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In Spring 2020, Public Health Scotland (PHS) were tasked with seeding the NHS Scotland Community Health Index (CHI) with a Unique Property Reference Number (UPRN). This was to allow understanding of the impact on people residing with someone infected with COVID-19, but utility goes much further than this.
Address fields were extracted from CHI records (August 2020) of persons still alive in Scotland or who died since January 2020.
Some pre-formatting was carried out on unique address strings that were then processed at DataHub, a service, provided by the Improvement Service, helping public sector organisations secure access to a data matching service.
Files were returned with a best matching UPRN attached, and a category indicating the quality of the match.
To enhance the seeding of care homes addresses, unmatched CHI records were manually searched, and UPRN added where expert knowledge determined it was a care home address.
There were 3,208,951 unique address strings processed, relating to 5,828,951 CHI registrations, including people deceased since January 2020. In total, 5,207,389 (89.3%) people had a UPRN returned with match categories EXCELLENT (78.8%), GOOD (8.3%), or FAIR (2.2%).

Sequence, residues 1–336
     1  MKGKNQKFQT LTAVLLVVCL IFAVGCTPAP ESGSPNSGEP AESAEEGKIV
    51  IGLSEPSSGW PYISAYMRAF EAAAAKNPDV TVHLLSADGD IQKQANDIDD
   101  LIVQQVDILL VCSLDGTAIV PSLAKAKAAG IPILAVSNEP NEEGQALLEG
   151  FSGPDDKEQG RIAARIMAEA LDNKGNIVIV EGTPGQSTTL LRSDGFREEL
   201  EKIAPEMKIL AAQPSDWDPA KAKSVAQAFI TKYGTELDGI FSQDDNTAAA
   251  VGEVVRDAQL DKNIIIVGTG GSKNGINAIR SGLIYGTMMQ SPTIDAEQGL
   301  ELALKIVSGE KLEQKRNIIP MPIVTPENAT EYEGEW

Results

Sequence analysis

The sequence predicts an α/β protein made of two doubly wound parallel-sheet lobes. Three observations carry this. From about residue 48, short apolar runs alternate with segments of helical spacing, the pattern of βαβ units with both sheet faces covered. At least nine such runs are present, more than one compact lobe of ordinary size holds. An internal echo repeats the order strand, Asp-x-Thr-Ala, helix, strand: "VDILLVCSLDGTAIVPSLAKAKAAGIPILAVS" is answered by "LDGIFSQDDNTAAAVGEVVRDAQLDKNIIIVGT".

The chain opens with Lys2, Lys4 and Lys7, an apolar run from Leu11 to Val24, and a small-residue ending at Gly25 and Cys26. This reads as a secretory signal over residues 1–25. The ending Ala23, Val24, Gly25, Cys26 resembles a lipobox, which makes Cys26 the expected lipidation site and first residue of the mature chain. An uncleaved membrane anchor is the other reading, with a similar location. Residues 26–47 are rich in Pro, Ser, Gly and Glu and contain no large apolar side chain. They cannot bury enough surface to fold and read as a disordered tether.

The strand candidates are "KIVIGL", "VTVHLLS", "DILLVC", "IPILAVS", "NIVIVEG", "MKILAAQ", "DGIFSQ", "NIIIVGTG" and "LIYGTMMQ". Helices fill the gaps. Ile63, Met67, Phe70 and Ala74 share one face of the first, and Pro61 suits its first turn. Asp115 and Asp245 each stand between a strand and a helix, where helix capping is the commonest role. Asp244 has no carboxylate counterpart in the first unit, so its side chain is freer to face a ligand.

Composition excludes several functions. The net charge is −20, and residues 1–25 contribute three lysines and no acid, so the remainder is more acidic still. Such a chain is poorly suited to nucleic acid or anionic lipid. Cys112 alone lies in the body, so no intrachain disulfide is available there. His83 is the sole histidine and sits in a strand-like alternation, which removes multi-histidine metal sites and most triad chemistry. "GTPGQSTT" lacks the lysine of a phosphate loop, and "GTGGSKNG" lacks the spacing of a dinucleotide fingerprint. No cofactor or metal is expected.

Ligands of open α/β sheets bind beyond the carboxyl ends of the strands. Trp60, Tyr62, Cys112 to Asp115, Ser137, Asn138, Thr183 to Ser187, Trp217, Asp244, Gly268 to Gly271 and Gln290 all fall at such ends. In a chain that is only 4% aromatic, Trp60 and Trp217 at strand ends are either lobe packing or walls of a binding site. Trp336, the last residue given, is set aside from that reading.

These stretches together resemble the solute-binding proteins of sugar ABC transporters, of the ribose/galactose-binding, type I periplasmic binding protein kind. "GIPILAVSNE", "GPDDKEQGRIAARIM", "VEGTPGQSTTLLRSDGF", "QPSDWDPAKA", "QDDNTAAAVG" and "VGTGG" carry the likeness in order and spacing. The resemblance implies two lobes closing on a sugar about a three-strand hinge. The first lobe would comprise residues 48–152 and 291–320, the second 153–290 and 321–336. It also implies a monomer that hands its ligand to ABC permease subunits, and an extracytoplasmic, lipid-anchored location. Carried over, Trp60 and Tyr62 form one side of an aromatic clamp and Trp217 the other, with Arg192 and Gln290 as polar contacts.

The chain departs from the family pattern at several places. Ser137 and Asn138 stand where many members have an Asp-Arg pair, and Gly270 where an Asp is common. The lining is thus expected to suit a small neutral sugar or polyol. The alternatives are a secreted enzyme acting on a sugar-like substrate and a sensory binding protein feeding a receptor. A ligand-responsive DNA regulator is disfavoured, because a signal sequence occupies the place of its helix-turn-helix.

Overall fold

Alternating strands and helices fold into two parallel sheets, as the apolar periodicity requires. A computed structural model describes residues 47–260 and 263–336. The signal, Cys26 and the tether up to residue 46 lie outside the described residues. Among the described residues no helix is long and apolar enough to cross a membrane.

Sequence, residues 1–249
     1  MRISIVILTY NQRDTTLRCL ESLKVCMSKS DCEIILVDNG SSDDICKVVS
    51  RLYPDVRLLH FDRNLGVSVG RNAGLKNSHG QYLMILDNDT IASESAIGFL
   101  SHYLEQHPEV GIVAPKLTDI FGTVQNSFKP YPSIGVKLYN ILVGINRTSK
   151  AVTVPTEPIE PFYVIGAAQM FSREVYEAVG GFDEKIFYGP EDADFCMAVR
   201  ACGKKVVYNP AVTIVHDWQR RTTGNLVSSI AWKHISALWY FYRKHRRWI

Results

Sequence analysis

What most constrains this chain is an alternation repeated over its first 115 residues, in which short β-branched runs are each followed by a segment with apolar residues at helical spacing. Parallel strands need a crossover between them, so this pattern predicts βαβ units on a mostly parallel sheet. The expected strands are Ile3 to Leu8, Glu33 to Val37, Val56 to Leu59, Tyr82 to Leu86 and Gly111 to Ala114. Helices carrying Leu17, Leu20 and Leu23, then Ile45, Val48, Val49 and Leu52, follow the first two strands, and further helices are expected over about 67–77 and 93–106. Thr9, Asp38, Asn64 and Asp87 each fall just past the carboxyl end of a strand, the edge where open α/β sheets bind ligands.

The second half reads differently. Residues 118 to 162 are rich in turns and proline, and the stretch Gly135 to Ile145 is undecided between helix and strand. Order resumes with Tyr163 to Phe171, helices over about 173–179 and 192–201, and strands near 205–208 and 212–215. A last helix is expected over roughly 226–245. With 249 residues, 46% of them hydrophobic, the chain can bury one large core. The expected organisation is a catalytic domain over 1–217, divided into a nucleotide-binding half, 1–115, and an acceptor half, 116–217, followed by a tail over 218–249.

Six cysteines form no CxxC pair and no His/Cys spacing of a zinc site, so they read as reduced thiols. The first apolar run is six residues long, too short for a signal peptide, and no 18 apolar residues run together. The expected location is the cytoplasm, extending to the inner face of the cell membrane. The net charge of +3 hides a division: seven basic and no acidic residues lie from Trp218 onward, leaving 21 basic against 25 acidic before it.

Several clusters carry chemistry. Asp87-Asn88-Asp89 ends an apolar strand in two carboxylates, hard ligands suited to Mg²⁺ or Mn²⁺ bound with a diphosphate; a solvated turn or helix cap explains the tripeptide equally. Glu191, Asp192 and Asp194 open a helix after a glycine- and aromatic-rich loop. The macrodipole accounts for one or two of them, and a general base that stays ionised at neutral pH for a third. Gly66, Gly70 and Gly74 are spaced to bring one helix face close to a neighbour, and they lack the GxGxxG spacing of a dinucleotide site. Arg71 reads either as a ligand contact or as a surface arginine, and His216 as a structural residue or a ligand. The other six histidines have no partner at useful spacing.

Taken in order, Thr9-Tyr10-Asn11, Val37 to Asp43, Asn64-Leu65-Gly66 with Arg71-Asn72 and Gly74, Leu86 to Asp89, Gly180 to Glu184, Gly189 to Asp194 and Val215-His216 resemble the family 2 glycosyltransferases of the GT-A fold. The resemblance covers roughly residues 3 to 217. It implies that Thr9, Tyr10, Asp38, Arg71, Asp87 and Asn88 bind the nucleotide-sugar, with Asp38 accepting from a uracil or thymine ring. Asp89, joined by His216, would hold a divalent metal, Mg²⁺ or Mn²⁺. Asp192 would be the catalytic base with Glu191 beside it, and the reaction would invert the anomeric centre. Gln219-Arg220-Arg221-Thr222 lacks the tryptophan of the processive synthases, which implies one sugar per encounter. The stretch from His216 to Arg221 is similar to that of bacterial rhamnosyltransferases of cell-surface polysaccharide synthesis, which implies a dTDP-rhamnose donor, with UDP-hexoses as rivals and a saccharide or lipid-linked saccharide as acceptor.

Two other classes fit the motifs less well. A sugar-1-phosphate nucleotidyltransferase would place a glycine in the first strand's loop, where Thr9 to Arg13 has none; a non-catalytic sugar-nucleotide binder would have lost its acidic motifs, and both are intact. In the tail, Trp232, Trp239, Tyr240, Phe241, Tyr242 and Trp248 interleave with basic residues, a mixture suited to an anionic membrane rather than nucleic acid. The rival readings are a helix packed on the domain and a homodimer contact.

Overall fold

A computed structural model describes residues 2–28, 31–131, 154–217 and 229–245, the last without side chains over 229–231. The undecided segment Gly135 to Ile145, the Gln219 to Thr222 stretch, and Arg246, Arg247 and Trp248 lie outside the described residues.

Only 60% of the 40,196 current CHI records that were pre-indicated with an institutional care home flag could be automatically matched to a UPRN. Following the manual expert review, 42,334 people in adult care homes could be identified with a specific UPRN.
A random sample of 1,724 address pairs, stratified by match category and urban-rural category, was selected for quality assurance review by an independent checker. Results have still to be verified, but precision is estimated to be more than 95% of matches to the correct UPRN.
The creation of the CHI-UPRN Residential Linkage (CURL) is a major development to CHI as a data linkage tool in Scotland. CHI has long been used as a population spine for patient-level data linkage in research projects but introducing a property-level dimension through CURL provides new opportunities for researchers.
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